Wedding Customs & Traditions Forum

PSA: Christian Orthodox Symbolism

I'm Macedonian Orthodox.  This is typed up from what my priest gave me.  I figured it might help a couple of people, so I'm going to post it here. :)

Holy Matrimony is a sacrament of the Eastern Orthodox Church in which God unites a man and a woman who desire to share each other’s lives and seek fullness of life and salvation as one entity.  Through His church and by the grace of the Holy Spirit, Jesus Christ unites the partners and plants the new family in his heavenly kingdom, granting the grace by which the husband and wife can attain in Christ a oneness in spirit and flesh that no human can attain by itself.

The marriage ceremony of the Orthodox Church is steeped in ritual and symbolism.  Each of the acts which you will observe solemnized today has special meaning and significance

The Candles
The Bride and Groom are given lighted candles which are held by the Kum and Kuma, a sign of faith in Christ in the light of the world.  The candles are like the lamps of the five wise maidens of the Bible who because they had enough oil in them were able to receive the Bridegroom, Christ, when he came in the darkness of the night.  The candles symbolize the spiritual willingness of the couple to receive Christ, who will bless them through this sacrament.

The Rings
The rings are blessed by the Priest who takes them in his hand and making the sign of the cross over their heads says: “the servant of God, [Groom], is betrothed to the handmaiden of God, [Bride], in the name of the Father, and the Son, and the Holy Spirit.  Amen.”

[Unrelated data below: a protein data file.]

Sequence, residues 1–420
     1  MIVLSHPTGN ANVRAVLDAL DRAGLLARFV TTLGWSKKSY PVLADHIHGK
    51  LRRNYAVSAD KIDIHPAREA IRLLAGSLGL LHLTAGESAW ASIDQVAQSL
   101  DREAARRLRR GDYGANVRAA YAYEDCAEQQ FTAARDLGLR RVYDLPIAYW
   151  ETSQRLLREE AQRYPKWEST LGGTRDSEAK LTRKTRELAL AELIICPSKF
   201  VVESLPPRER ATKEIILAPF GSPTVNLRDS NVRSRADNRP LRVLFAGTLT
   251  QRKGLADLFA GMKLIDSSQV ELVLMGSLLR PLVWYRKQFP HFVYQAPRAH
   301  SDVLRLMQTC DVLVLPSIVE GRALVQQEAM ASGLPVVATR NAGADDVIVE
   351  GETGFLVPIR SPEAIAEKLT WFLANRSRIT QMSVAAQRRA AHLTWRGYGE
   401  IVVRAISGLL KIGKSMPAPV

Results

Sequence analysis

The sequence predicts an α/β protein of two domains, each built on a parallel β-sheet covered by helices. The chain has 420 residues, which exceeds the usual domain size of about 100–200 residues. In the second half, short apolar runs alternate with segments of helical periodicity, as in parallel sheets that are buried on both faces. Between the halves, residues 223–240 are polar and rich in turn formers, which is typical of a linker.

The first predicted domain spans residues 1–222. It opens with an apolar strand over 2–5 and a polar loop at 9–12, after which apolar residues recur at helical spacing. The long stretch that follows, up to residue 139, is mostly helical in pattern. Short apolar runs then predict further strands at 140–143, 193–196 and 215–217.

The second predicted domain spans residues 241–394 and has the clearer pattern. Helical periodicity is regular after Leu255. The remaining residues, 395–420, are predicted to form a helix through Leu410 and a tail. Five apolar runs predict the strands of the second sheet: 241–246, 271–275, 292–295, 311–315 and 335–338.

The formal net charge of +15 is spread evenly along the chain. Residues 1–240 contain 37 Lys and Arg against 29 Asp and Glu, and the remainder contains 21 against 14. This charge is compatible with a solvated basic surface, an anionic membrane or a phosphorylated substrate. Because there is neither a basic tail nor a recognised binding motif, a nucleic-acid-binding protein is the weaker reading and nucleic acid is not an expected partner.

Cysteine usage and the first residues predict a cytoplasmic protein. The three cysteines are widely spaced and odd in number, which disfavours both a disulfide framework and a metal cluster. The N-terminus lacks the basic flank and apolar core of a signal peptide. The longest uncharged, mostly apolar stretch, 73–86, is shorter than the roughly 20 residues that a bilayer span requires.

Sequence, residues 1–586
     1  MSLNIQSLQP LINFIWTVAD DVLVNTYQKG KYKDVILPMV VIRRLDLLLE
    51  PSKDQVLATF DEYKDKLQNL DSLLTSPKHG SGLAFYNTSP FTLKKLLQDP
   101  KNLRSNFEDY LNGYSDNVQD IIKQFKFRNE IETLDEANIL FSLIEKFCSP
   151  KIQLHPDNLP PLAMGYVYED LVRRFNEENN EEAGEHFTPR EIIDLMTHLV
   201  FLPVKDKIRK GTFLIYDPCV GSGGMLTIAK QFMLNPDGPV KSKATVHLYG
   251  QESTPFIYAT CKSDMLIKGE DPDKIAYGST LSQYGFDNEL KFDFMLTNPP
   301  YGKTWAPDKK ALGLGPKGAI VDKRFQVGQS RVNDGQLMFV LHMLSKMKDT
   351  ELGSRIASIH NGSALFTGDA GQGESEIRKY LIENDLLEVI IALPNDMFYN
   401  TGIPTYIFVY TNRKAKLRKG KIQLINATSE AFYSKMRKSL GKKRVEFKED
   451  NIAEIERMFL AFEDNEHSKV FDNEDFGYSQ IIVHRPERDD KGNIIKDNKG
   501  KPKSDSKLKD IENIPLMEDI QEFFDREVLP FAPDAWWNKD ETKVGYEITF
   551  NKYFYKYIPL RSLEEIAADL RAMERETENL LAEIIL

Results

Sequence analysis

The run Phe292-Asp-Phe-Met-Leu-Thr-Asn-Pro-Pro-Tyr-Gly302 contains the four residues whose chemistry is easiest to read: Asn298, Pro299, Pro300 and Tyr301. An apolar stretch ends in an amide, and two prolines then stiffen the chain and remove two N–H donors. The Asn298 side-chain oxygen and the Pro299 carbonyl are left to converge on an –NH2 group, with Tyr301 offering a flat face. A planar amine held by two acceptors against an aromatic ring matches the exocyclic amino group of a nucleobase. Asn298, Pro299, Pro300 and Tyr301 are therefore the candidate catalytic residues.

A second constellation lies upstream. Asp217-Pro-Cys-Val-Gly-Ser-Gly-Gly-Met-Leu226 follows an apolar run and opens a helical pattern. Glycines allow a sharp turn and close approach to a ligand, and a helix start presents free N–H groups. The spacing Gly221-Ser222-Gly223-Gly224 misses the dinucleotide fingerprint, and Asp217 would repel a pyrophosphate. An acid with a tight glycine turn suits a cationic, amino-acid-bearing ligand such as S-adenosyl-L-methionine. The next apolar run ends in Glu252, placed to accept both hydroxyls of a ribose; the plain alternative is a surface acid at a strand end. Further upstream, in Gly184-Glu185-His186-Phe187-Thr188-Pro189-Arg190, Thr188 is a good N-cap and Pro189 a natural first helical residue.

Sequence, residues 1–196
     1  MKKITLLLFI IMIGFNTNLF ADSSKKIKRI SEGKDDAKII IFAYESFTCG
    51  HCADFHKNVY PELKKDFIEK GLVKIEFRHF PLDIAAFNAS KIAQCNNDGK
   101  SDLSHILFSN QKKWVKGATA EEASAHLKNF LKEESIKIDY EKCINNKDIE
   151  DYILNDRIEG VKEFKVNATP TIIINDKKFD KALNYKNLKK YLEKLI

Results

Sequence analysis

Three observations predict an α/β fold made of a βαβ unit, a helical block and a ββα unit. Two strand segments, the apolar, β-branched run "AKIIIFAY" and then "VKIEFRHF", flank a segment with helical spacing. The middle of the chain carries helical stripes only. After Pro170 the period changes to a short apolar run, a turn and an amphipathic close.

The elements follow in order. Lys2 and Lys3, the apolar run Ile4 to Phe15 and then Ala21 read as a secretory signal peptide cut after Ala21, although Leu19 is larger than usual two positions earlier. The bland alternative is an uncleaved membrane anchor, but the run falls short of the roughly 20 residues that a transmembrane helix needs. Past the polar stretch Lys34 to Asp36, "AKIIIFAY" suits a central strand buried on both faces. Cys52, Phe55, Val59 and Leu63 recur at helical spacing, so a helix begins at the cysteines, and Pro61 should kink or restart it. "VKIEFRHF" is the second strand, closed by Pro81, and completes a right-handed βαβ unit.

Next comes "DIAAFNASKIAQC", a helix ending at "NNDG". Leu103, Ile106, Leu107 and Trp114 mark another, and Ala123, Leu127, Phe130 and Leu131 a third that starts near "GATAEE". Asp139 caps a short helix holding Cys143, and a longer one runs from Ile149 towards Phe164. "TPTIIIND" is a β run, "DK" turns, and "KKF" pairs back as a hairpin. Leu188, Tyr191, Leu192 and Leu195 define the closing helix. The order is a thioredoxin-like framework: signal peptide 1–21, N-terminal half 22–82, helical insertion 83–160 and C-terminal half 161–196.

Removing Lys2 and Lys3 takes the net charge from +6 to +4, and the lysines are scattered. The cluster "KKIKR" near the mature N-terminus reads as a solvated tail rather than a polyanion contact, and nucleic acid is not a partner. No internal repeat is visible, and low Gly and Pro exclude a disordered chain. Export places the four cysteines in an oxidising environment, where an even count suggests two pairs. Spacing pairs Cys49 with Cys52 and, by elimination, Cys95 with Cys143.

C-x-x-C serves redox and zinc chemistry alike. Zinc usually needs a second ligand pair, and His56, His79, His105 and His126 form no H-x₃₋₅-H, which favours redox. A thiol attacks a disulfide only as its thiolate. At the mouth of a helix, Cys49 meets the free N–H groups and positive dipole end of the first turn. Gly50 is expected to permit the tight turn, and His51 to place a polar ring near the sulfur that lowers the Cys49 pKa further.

The Kum then exchanges the rings three times, taking the Bride’s ring and placing it on the Groom’s finger and vice-versa.  The rings are the symbol of betrothal from the most ancient times, and they are an outward sign that the couple pledges to join in the marriage of their own free will and consent.  The exchange of the rings signifies that in married life, the weaknesses of the one partner will be compensated by the strength of the other.  The imperfections of one, by the perfection of the other.  Each will be enriched by the union.

The Joining of the Right Hands
The right hands of the Bride and Groom are joined by a white cloth when the Priest reads the prayer that beseeches God to “join these, they servants, unite them in one mind and one flesh.”  The hands are kept joined through the service as a visible sign of the “oneness” of the couple.

The Crowning
The crowning is the high point of the service, the ultimate expression of the spiritual reality of the sacrament.  The Bride and Groom are honoured and glorified as Husband and Wife, as King and Queen of their own dominion – the home and family, which they will rule with wisdom, justice and integrity.

When the crowning takes place, the priest takes the crowns and holds them above the couple and says: “the servant of God, [Groom], is betrothed to the handmaiden of God, [Bride], in the name of the Father, and the Son, and the Holy Spirit.  Amen.”

The Common Cup